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In my last article on gold, which generated quite a bit of controversy, I said that gold (GLD) doesn't do a good job of protecting investors from inflation. Specifically, I outlined how and why the correlation between gold's price and inflation was fairly weak over time. This suggested that gold is not a particularly good hedge against inflation, or at least that it is no better a hedge than many other assets. This is significant because many investors view gold's primary purpose as an investment to be protection from inflation. (For more on this issue see my blog here.)

In this article, I review a couple more possible functions of gold as an investment: (1) gold's use as a stable currency, and gold's value as a safe haven asset. The price of gold over time is partially driven by demand, and per capita income, but like any investment, gold can become undervalued or overvalued periodically. The chart below compares the per capita income in the US in USD with the per capita income in ounces of gold. Basically, what this is showing is that the price of gold has far outstripped per capita income growth in the last decade or so, which in turn suggests that gold is currently overly expensive in real terms.

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Further, while many investors look at gold as a stable currency, there is very little evidence that the metal serves as an effective hedge against currency risk. If gold were an effective currency hedge, then we would expect that changes in the value of the currency would not translate into changes in the amount of gold that currency could buy. Essentially, if you have $100 Billion in currency in the US economy, and you print another $200 Billion, you should be able to buy the same amount of gold before and after the additional currency is printed. Yet when we look at the data, this doesn't hold up as the chart below shows.

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To that end, gold may be the best of a set of bad investment choices of hedging various unorthodox risks like inflation, and currency risks. The chart below provides evidence on this point by showing that investors have become an increasingly important purchaser of gold in recent years. To that end then, gold is only likely to maintain its value as an investment as long as other investors continue to view it as the best (or perhaps least bad) choice to hedge a variety of investment risks.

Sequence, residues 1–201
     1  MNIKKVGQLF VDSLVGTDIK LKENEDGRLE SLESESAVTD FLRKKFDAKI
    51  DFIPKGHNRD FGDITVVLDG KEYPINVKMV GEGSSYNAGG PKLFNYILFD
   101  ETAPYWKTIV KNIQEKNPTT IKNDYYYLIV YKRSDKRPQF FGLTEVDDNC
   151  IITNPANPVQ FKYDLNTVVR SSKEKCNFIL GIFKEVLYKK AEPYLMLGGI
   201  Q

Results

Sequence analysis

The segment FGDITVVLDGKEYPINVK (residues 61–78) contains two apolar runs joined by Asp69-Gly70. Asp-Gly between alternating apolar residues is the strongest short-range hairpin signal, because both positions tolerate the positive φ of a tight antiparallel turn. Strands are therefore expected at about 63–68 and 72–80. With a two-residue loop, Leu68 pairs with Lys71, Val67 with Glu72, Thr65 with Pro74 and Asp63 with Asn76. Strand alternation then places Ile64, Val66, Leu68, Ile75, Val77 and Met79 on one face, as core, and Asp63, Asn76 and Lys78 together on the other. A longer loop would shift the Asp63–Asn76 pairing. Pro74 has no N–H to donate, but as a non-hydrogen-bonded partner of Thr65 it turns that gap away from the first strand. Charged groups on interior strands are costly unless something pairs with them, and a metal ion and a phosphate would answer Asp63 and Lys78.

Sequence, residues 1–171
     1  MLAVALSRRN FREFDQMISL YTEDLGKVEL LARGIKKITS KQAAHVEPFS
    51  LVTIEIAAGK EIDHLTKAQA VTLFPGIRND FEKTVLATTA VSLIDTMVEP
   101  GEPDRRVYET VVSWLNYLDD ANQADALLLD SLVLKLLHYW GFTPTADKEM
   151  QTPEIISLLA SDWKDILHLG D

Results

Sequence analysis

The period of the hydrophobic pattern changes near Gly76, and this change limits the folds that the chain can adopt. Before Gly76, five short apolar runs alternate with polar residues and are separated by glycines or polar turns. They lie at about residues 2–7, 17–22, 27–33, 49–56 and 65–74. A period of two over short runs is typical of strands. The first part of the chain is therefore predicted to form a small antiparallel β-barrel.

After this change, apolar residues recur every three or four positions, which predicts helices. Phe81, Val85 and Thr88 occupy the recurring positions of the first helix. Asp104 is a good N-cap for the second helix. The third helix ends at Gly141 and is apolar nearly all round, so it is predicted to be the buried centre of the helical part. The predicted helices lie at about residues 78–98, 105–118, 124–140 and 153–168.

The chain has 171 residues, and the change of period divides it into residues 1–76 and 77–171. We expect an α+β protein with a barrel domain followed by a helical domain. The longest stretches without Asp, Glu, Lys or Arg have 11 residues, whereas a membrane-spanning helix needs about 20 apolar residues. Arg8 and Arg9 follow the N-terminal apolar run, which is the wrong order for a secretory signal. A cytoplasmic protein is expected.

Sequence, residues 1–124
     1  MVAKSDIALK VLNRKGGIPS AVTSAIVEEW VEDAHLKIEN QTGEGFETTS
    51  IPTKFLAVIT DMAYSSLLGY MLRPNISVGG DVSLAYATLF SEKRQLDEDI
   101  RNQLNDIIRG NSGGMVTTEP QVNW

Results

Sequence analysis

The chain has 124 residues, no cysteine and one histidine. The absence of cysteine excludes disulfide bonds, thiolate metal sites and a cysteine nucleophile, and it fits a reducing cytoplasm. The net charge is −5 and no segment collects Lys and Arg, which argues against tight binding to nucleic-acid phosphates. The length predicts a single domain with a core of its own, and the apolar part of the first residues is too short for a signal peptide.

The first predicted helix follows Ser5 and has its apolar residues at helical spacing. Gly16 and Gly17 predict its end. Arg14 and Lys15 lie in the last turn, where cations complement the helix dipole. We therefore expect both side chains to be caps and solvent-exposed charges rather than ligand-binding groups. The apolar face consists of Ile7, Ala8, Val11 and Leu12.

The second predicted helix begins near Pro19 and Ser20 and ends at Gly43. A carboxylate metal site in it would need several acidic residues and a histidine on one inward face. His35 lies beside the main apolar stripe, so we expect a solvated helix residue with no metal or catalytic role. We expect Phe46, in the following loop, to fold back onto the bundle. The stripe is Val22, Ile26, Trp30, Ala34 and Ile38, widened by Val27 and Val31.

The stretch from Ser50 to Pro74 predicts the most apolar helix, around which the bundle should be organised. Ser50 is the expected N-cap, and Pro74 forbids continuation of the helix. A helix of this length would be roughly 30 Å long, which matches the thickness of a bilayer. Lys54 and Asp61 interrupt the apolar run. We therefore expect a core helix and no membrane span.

Unfortunately, the continued viability of real world companies like Goldcorp (GG), Barrick (ABX), Newmont (NEM), Yamana (AUY), and to a limited degree even Freeport McMoRan (FCX), increasingly depends on the continued attractiveness of gold as an alternative investment, and this puts many investors in these equities at risk if other assets start to usurp gold's place.

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So gold's price is not driven by the metal's function as a currency hedge… but is the price of gold driven by demand for the asset during times of crisis? If this is the case, and gold is acting as a safe haven asset, then gold's value should be inversely related to that of the stock market. More specifically, when stock prices fall, gold's price should rise, or at least not fall. To that end, let's look at a plot of monthly returns of gold vs. the monthly returns of the S&P 500 over time.

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If gold is a safe haven asset, then the bulk of its returns ought to be in quadrants 2 and 4 - that is,, investors should be investing in gold when the S&P is doing badly leading to positive gold returns (quadrant 2), and they should be selling gold when the S&P is doing well leading to negative gold returns (quadrant 4). Any observations that fall into quadrant 3 in particular are especially troubling because they indicate that gold's price is falling when the S&P 500 is also falling. The graph above shows that the returns are essentially evenly divided among the 4 quadrants which does not suggest that gold play's a particularly strong role as a safe haven asset.

So if gold isn't acting as a hedge against currency risk, inflation risk, or asset risk (safe haven asset), then could gold's price simply be driven by the perception that it is a good hedge? Or perhaps that it is the best hedge among a set of poor alternatives? This is a possibility.

In fact, gold's price increase over the last decade may well have been driven by its increasing attractiveness as an investment to protect against various risks even if the metal is not all that good at protecting against these risks. Put differently, gold may be a poor hedge against inflation, but it could be the best choice an investor has available. Brazil between 1980 and 2000 provides an example.

Brazil essentially had hyperinflation of about 250% annually from 1980-2000. Thus if an investor stuck 1000 Cruzeiros (Brazil's currency at the time) in his mattress in 1980, they were essentially worthless in 2000. If the investor stock a gold coin in the mattress, the value of that gold coin in real terms declined by 70% between 1980 and 2000 as the chart below shows, but that 30% of value which was preserved is far better than the essentially 0% of value preserved by the currency itself.

As the graph shows, the price of gold in local currency is not at all stable for any of the world's major currencies. Gold does not act as a hedge for the value of currencies (a fall in currency value can't be avoided by holding gold instead), nor do changes in currency values help explain the real (rather than nominal) price of gold.

Source: The Key To A Gold Price Rebound